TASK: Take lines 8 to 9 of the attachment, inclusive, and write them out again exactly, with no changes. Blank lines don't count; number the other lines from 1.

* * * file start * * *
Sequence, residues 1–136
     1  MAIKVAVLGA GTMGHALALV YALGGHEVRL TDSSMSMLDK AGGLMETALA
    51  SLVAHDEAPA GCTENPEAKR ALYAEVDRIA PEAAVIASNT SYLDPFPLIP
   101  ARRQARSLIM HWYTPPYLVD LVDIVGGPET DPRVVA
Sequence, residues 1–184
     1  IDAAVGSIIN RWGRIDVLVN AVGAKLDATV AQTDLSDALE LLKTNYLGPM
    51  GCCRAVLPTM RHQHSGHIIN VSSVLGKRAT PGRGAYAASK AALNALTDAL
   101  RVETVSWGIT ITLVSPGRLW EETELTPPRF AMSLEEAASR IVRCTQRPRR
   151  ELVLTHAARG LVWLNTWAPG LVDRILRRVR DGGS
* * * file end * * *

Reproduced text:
   101  RVETVSWGIT ITLVSPGRLW EETELTPPRF AMSLEEAASR IVRCTQRPRR
   151  ELVLTHAARG LVWLNTWAPG LVDRILRRVR DGGS